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J Agric Food Chem. 2007 Mar 7;55(5):1724-9. Epub 2007 Feb 6.

Polyphenol content and antioxidative activity in some species of freshly consumed salads.

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1
Dipartimento di Scienza del Suolo e Nutrizione della Pianta, Università degli Studi di Firenze, P.le delle Cascine 18, 50144 Firenze, Italy. daniela.heimler@unifi.it

Abstract

Ten genotypes belonging to Lactuca sativa, Cicorium intybus, Plantago coronopus, Eruca sativa, and Diplotaxis tenuifolia and used in fresh mixed salads were investigated for their polyphenol contents. Flavonoids and hydroxycinnamic acids were characterized by high-performance liquid chromatography (HPLC)/diode array detection/mass spectrometry. Quercetin, kaempferol, luteolin, apigenin, and crysoeriol derivatives were identified; hydroxycinnamic acids were all caffeoyl derivatives. The total polyphenol content was obtained through the Folin-Ciocalteu test and from the HPLC data. The amounts ranged between 0.9 and 4.7 mg/g fresh weight. The antiradical activity was determined by the reaction with the stable DPPH* radical. The Fe2+ chelating activity was determined with a spectrophotometric test. From the complex of data, a quite complete picture of the characteristics of the vegetables emerges. A cultivated C. intybus cultivar exhibited the highest polyphenol content, while a wild C. intybus genotype exhibited the highest antiradical activity. In every case, the characteristics of the different salads as functional foods have been pointed out.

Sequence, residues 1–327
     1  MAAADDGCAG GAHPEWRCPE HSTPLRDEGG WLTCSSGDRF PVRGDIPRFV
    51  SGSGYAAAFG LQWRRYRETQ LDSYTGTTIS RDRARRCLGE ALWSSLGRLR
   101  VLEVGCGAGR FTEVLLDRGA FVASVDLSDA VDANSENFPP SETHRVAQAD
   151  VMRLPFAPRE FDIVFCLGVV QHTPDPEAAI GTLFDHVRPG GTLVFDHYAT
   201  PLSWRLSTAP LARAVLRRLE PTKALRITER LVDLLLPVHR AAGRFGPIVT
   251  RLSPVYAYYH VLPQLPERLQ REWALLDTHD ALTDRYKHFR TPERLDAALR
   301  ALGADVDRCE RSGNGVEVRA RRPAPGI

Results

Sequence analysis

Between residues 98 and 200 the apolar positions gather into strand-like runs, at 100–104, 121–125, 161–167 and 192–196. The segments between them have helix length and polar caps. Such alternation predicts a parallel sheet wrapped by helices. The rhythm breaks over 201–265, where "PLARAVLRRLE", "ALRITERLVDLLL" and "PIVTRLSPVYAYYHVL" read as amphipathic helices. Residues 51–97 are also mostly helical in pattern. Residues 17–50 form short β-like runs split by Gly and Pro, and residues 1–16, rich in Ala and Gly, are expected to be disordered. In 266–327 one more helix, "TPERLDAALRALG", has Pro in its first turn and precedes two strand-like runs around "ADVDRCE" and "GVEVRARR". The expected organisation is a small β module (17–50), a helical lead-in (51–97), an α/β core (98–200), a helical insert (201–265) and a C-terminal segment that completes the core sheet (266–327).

PMID:
17279769
DOI:
10.1021/jf0628983
[Indexed for MEDLINE]
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